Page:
The right of the people to be secure in their persons, houses, papers, and effects, against unreasonable searches and seizures, shall not be violated, and no Warrants shall issue, but upon probable cause, supported by Oath or affirmation, and particularly describing the place to be searched, and the persons or things to be seized.
Requirements for establishing probable cause through reliance on information received from an informant has divided the Court in several cases. Although involving a warrantless arrest, Draper v. United States1 may be said to have begun the line of cases. A previously reliable, named informant reported to an officer that the defendant would arrive with narcotics on a particular train, and described the clothes he would be wearing and the bag he would be carrying; the informant, however, gave no basis for his information. FBI agents met the train, observed that the defendant fully fit the description, and arrested him. The Court held that the corroboration of part of the informer’s tip established probable cause to support the arrest. A case involving a search warrant, Jones v. United States,2 apparently considered the affidavit as a whole to see whether the tip plus the corroborating information provided a substantial basis for finding probable cause, but the affidavit also set forth the reliability of the informer and sufficient detail to indicate that the tip was based on the informant’s personal observation. Aguilar v. Texas3 held insufficient an affidavit that merely asserted that the police had
reliable information from a credible person that narcotics were in a certain place, and held that when the affiant relies on an informant’s tip he must present two types of evidence to the magistrate. First, the affidavit must indicate the informant’s basis of knowledge—the circumstances from which the informant concluded that evidence was present or that crimes had been committed—and, second, the affiant must present information that would permit the magistrate to decide whether or not the informant was trustworthy. Then, in Spinelli v. United States,4 the Court applied Aguilar in a situation in which the affidavit contained both an informant’s tip and police information of a corroborating nature.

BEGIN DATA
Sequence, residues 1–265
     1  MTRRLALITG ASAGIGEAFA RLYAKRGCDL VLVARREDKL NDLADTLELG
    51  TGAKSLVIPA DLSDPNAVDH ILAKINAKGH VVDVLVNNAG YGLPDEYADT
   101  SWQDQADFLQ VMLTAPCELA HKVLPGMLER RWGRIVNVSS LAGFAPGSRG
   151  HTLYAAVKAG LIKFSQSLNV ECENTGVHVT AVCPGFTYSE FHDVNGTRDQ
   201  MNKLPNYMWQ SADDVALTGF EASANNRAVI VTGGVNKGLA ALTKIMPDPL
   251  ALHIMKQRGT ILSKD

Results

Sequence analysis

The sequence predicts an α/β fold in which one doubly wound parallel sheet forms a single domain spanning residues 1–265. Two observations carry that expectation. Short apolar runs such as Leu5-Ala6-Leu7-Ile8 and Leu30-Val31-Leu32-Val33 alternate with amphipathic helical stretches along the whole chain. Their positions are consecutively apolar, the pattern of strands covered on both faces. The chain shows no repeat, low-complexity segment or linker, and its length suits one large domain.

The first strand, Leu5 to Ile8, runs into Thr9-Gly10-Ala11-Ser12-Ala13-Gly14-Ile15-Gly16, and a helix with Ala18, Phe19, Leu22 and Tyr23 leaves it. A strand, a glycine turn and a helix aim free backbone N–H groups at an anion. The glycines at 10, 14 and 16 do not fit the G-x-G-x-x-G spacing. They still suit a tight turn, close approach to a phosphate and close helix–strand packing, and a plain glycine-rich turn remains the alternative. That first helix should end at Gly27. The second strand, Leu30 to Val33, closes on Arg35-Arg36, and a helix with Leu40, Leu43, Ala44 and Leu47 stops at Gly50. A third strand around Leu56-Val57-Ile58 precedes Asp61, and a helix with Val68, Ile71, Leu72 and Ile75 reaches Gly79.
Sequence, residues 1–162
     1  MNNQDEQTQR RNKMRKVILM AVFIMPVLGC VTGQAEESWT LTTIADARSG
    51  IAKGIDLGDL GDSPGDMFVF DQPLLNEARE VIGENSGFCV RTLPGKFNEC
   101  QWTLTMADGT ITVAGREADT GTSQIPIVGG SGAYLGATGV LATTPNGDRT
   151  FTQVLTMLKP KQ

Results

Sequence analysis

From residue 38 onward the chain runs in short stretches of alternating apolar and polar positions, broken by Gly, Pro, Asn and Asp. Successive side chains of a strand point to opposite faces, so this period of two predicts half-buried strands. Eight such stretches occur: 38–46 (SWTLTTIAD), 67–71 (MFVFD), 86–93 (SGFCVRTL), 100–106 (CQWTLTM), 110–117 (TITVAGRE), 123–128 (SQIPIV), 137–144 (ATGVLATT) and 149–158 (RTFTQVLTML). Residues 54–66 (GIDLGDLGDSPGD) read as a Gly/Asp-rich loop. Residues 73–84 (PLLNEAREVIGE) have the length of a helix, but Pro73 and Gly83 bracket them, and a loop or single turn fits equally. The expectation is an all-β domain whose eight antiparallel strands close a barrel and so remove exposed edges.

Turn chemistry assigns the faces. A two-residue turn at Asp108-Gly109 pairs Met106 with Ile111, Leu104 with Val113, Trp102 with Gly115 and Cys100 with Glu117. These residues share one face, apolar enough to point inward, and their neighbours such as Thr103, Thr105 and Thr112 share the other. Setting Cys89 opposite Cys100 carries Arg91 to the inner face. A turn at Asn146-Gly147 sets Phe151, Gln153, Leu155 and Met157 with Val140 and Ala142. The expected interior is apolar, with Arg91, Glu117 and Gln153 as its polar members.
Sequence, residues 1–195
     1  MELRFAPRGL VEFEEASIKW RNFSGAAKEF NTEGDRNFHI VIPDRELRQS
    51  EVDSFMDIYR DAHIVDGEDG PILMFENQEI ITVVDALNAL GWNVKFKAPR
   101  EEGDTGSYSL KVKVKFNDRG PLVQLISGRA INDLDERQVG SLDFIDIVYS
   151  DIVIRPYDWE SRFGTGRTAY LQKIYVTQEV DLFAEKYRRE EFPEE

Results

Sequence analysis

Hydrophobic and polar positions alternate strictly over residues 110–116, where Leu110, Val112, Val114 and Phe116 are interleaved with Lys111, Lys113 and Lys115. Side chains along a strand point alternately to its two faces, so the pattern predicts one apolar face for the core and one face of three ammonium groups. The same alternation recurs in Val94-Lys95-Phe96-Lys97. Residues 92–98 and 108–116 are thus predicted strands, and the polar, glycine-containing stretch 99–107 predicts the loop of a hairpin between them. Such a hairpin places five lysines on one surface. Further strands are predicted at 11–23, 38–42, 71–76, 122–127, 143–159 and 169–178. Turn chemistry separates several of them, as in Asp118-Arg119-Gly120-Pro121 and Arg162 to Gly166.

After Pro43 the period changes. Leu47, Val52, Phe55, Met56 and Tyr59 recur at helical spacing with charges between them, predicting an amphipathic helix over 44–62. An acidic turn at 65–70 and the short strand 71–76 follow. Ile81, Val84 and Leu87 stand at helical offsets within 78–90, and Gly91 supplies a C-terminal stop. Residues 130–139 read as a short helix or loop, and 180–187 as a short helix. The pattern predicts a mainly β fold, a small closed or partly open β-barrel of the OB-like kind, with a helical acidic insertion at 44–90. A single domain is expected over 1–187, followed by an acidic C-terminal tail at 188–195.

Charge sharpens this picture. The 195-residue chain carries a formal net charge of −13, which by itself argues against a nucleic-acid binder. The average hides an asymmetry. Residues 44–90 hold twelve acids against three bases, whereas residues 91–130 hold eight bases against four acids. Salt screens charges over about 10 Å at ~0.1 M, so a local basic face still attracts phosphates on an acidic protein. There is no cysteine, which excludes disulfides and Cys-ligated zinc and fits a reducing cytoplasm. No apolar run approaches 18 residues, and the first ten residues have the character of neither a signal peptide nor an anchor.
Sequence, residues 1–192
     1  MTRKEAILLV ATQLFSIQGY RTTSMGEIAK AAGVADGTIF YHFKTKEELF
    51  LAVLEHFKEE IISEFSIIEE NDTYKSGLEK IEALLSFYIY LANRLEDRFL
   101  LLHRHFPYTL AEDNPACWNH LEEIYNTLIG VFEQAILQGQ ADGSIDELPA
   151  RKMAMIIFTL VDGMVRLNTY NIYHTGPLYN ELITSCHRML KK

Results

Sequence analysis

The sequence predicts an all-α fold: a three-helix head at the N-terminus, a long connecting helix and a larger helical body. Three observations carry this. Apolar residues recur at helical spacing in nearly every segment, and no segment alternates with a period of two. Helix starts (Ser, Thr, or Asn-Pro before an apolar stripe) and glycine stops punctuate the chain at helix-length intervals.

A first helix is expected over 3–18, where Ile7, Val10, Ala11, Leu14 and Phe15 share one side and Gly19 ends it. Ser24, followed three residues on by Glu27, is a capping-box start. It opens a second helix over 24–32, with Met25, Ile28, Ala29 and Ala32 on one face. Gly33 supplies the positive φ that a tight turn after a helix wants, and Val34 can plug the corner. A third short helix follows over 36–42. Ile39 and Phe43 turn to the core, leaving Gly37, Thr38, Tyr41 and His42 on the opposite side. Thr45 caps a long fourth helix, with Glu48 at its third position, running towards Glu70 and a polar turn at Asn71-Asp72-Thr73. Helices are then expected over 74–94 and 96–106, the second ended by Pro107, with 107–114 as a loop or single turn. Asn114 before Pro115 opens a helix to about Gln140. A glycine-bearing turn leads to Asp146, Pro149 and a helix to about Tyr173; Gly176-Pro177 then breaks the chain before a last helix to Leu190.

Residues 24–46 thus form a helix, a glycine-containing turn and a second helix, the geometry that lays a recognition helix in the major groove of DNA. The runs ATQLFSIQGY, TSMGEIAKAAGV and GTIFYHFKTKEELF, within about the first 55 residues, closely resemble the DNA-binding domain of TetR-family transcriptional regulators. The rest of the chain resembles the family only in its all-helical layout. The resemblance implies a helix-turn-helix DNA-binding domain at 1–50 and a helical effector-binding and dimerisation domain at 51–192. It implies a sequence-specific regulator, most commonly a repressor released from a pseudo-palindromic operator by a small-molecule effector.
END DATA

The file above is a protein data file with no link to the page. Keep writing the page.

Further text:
The Court rejected the
totality test derived from Jones and held that the informant’s tip and the corroborating evidence must be separately considered. The tip was rejected because the affidavit contained neither any information which showed the basis of the tip nor any information which showed the informant’s credibility. The corroborating evidence was rejected as insufficient because it did not establish any element of criminality but merely related to details which were innocent in themselves. No additional corroborating weight was due as a result of the bald police assertion that defendant was a known gambler, although the tip related to gambling. Returning to the totality test, however, the Court in United States v. Harris5 approved a warrant issued largely on an informer’s tip that over a two-year period he had purchased illegal whiskey from the defendant at the defendant’s residence, most recently within two weeks of the tip. The affidavit contained rather detailed information about the concealment of the whiskey, and asserted that the informer was a
prudent person, that defendant had a reputation as a bootlegger, that other persons had supplied similar information about him, and that he had been found in control of illegal whiskey within the previous four years. The Court determined that the detailed nature of the tip, the personal observation thus revealed, and the fact that the informer had admitted to criminal behavior by his purchase of whiskey were sufficient to enable the magistrate to find him reliable, and that the supporting evidence, including defendant’s reputation, could supplement this determination.
The Court expressly abandoned the two-part Aguilar-Spinelli test and returned to the
totality of the circumstances approach to evaluate probable cause based on an informant’s tip in Illinois v. Gates.6 The main defect of the two-part test, Justice Rehnquist concluded for the Court, was in treating an informant’s reliability and his basis for knowledge as independent requirements. Instead,
a deficiency in one may be compensated for, in determining the overall reliability of a tip, by a strong showing as to the other, or by some other indicia of reliability.7 In evaluating probable cause,
[t]he task of the issuing magistrate is simply to make a practical, commonsense decision whether, given all the circumstances set forth in the affidavit before him, including the ‘veracity’ and ‘basis of knowledge’ of persons supplying hearsay information, there is a fair probability that contraband or evidence of a crime will be found in a particular place.8